After a long week, sometimes a short getaway is in order. But deciding which destination to travel to can be daunting when you only have a weekend to spend.
To help you choose the right trip for you, U.S. News considered factors like accessibility, affordability and entertainment offerings, as well as reader votes, to determine which cities offer the best weekend getaways. So whether it's just a short drive from home or a flight away, you're sure to enjoy your weekend at these locales. Don't forget to go online and vote for your favorite cities to help guide us in determining next year's ranking.
Why Go to Tucson
One number: 350. That's the average number of sunny days Tucson sees each year. And with daytime temperatures rarely dipping below the mid-60s, Arizona's second-largest city makes a great place to escape cold weather. But Tucson is much more than an incubator for snowbirds. Deeply rooted in Hispanic heritage, "The Old Pueblo" is a hotbed of historic and cultural attractions, not to mention a mecca for those in search of some spicy Mexican cuisine north of the border.
Despite its ever-expanding size, Tucson exudes a small-town atmosphere. Neighborhoods like the El Presidio Historic District and the Barrio Histórico (Viejo) – complete with colorful adobe buildings and quaint shops – make you feel like you're in an old Mexican village.
Meanwhile, the high-end restaurants and resorts of the Catalina Foothills district add a contemporary flair that may soon rival that of Phoenix's ritzy 'burbs like Scottsdale. And the trendy shops and rowdy bars surrounding the palm tree-laden University of Arizona campus infuse this city with a youthful spirit. Unlike the sprawling state capital, Tucson has yet to overpower its surroundings; nearby mountains and wilderness areas like Saguaro National Park offer a true taste of the Sonoran Desert.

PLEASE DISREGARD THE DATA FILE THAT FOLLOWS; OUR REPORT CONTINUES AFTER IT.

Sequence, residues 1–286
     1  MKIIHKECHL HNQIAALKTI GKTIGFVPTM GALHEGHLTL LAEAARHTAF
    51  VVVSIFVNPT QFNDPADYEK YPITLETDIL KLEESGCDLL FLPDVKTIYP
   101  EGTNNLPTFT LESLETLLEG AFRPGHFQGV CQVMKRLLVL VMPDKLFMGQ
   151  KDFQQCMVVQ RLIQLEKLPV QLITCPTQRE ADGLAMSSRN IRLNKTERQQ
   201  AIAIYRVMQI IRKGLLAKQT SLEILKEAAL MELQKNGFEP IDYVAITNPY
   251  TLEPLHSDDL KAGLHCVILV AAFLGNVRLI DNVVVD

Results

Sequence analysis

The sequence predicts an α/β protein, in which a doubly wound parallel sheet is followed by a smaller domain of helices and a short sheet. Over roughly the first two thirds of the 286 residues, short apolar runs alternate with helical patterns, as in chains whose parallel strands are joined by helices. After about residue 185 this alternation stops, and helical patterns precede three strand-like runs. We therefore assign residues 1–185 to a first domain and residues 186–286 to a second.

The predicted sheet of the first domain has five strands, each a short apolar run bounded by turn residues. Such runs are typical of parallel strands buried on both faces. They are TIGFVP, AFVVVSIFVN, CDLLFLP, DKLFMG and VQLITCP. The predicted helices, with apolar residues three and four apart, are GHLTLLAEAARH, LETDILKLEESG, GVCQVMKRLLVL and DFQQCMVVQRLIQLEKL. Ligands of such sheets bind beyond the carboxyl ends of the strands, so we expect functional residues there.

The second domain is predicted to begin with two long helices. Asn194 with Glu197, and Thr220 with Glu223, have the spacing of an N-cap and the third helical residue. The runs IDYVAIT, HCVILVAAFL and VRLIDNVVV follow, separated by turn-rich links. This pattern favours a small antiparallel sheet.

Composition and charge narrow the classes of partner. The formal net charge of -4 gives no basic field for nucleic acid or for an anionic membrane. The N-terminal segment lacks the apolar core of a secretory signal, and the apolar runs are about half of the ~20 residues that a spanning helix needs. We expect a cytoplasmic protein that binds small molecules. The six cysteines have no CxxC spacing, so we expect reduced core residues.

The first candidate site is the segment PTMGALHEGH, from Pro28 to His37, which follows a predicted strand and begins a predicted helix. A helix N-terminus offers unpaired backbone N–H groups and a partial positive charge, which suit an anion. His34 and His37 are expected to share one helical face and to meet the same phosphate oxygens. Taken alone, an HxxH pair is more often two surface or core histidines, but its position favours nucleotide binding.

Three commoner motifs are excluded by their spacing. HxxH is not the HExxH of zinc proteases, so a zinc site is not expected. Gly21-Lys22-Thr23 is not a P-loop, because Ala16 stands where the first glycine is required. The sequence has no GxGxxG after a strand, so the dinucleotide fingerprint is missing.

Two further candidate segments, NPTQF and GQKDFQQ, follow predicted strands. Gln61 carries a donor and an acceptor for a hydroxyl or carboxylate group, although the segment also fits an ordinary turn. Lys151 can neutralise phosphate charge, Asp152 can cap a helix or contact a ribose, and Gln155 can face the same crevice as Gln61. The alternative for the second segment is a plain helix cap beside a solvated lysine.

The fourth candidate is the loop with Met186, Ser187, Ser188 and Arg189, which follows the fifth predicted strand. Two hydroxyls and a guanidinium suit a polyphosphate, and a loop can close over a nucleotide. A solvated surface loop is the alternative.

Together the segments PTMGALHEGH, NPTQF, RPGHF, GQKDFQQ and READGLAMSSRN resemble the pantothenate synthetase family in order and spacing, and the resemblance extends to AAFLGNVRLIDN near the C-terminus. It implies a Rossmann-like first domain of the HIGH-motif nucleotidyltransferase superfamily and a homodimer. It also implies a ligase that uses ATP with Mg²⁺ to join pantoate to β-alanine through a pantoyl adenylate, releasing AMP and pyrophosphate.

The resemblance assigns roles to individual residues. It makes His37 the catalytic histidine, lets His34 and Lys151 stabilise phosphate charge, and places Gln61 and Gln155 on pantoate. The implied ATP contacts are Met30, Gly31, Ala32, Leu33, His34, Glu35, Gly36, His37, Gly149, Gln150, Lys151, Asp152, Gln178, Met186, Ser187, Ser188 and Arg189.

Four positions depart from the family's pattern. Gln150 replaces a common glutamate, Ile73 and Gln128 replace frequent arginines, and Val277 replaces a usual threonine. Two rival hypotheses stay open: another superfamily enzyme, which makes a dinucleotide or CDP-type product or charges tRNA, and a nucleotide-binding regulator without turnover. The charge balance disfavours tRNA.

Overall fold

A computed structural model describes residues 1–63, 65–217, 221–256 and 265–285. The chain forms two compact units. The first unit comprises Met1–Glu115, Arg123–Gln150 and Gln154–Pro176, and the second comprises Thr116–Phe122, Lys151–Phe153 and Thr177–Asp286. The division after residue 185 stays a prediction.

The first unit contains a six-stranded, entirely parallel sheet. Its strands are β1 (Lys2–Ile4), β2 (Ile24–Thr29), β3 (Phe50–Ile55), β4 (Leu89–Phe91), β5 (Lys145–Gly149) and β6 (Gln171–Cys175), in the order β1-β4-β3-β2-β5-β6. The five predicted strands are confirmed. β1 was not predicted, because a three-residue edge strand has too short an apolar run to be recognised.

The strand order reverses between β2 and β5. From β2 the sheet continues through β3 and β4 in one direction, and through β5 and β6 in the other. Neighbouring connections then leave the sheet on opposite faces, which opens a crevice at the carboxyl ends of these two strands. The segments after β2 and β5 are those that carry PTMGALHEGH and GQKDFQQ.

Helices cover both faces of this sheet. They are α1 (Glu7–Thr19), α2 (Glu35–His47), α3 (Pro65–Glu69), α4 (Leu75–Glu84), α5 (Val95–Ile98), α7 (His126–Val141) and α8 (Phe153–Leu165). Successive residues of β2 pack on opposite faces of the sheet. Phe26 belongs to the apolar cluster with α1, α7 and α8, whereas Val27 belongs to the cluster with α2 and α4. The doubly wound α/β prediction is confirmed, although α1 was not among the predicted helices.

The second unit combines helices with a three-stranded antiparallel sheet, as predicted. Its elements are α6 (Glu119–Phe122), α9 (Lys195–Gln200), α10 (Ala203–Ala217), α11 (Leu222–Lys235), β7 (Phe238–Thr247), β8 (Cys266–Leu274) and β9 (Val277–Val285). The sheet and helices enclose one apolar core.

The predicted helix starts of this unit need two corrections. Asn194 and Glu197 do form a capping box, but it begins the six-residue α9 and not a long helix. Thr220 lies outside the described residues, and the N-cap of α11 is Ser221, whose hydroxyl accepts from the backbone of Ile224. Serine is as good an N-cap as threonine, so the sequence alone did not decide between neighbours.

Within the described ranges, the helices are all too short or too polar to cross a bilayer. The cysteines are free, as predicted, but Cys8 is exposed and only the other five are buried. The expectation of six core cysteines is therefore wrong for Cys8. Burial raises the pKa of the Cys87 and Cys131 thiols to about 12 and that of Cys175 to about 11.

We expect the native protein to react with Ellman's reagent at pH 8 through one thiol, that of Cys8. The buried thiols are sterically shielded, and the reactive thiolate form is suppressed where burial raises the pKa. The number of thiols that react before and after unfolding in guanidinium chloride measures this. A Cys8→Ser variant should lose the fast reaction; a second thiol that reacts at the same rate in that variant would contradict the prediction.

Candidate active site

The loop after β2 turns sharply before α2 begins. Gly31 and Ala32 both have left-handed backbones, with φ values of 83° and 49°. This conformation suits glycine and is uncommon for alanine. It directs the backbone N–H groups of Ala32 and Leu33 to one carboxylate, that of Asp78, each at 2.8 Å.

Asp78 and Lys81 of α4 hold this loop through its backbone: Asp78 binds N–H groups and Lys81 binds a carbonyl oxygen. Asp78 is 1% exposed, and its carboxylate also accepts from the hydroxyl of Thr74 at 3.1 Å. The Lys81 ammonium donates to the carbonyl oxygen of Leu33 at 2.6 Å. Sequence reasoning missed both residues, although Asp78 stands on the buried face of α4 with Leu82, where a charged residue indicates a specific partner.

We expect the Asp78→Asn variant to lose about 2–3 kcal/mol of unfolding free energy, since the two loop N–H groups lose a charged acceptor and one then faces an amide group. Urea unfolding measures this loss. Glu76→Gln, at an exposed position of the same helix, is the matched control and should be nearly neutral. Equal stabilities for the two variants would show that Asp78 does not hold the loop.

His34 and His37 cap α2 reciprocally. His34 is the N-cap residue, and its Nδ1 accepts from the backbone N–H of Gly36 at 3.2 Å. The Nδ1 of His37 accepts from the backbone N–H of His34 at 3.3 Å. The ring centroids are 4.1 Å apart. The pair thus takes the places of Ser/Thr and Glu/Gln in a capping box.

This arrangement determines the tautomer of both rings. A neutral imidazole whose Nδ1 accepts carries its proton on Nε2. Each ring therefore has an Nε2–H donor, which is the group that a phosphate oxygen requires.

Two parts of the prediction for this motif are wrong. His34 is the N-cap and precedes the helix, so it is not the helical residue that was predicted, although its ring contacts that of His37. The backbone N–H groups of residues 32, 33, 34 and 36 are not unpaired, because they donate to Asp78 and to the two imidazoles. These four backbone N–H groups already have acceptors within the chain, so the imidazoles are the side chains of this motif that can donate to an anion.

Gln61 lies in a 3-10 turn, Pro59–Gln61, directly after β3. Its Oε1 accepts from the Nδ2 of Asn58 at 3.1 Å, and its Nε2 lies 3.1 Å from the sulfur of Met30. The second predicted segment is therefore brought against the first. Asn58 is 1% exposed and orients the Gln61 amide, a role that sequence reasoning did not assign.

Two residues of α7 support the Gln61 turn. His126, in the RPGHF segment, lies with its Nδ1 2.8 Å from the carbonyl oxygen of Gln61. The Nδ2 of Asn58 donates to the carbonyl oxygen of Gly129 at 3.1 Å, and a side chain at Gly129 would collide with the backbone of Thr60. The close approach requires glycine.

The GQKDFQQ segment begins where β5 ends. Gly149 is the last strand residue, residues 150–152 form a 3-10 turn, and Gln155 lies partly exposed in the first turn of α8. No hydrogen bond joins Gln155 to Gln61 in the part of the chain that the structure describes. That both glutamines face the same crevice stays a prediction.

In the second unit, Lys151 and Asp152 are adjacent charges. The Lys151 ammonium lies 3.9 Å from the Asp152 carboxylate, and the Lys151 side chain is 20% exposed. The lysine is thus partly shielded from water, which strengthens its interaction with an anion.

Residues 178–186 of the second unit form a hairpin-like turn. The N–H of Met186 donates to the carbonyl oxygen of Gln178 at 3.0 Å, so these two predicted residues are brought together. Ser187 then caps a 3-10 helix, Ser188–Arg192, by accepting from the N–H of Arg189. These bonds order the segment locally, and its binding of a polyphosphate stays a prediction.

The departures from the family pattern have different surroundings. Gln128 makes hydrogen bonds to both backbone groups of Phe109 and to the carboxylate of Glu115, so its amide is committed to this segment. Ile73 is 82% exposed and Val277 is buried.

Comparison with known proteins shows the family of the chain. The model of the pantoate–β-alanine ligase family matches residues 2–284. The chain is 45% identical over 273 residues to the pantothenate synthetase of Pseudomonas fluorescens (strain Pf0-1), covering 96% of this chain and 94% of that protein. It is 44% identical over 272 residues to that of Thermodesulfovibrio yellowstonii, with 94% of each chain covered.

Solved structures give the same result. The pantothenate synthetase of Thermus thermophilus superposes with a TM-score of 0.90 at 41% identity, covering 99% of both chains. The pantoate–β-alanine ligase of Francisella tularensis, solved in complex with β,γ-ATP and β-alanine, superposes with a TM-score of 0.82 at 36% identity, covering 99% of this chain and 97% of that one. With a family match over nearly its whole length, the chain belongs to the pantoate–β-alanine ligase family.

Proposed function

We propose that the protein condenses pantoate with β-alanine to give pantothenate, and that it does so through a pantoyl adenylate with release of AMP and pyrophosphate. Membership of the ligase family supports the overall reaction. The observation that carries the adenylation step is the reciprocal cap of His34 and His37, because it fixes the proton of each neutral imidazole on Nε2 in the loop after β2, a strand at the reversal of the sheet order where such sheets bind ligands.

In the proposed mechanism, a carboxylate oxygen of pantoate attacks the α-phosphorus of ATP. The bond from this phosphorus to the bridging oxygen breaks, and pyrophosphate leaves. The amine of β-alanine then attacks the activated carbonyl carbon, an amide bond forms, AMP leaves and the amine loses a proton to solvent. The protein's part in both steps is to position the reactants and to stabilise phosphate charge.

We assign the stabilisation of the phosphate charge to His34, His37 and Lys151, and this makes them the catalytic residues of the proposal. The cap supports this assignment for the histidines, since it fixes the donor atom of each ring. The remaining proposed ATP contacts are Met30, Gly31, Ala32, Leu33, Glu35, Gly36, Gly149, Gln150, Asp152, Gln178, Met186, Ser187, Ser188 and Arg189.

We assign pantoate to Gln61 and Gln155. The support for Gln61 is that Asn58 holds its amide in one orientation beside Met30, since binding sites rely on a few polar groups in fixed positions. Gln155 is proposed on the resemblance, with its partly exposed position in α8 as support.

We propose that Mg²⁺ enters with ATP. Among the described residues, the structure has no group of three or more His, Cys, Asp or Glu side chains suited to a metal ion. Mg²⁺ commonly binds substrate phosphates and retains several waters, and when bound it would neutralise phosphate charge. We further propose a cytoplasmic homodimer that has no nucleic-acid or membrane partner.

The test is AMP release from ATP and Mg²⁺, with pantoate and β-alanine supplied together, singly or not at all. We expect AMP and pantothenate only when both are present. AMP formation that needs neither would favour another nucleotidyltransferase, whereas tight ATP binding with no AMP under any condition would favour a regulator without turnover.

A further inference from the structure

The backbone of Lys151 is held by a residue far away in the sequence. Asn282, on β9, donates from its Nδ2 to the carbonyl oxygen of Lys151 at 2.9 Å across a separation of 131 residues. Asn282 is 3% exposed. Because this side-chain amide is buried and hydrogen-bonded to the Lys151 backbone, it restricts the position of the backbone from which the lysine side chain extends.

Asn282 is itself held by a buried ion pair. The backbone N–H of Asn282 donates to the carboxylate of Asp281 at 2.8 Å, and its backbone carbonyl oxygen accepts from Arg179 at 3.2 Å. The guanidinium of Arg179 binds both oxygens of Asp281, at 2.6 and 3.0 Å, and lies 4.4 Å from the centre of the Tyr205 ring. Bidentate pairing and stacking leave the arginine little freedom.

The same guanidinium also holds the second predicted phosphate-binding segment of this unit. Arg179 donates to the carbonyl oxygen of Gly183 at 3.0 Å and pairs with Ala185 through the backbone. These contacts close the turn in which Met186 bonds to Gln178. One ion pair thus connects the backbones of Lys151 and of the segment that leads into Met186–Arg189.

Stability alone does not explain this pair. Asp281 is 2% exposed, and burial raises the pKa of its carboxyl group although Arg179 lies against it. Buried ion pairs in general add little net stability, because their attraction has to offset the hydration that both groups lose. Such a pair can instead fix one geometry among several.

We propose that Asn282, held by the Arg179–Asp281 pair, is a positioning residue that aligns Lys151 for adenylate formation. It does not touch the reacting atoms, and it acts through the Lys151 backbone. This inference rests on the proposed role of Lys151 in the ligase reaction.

What You'll Need to Know
Beat the heat. Prepare for scorching temperatures if you're visiting between May and September. Make sure to drink plenty of water and apply sunscreen regularly.
Because of Tucson's large Mexican-American population, it's not uncommon to hear Spanish spoken in certain neighborhoods.
This is a college town
The University of Arizona dominates a large portion of Tucson, and school spirit is strong. Expect heavier traffic and a rowdier atmosphere on football or basketball game days.
What to Eat
It should come as no surprise that Mexican cuisine is Tucson's specialty. You'll encounter smoky, sweet and spicy flavors throughout your visit, so prepare your taste buds. El Charro Café is an institution that's been around since 1922 and serves classic dishes like tamales, tacos and enchiladas. For even more tamales, head to the Tucson Tamale Company, which is a staple for locals. If you're looking for a more upscale setting, try Cafe Poca Cosa, which offers a menu (in Spanish) that changes twice daily.
Mexican flavors may be the backbone of the city's culinary scene, but that's not all Tucson has to offer discerning foodies. Visitors and locals rave about the breakfast served at Cup Cafe, which sits inside a downtown hotel and serves a menu of inventive American favorites. For an even more eclectic menu, consider making reservations at Feast, which is praised for its inventive flavor pairings and extensive wine list. Wildflower is another new American favorite that often surprises diners because of its location within a strip mall. To learn more about Tucson's restaurants, check out the Visit Tucson website.
When you're not getting to know Tucson through its distinctive eats, consider sampling the region's wine. Arizona wine country sits about an hour away from the city in the southern Arizona villages of Sonoita and Elgin, and the eastern town of Wilcox, making for an easy daytrip if you're in the mood to sample some local vino.
Getting Around Tucson
The best way to get around Tucson is by car. Although there are several public transportation options, you'll need your own wheels to reach top sites like Saguaro National Park and the Arizona-Sonora Desert Museum. Rental rates are reasonable, and there are rental stations in town and at the Tucson International Airport (TUS), which is located about 10 miles south of downtown.
The U.S. News & World Report travel rankings are based on analysis of expert and user opinions. Read more about how we rank vacation destinations.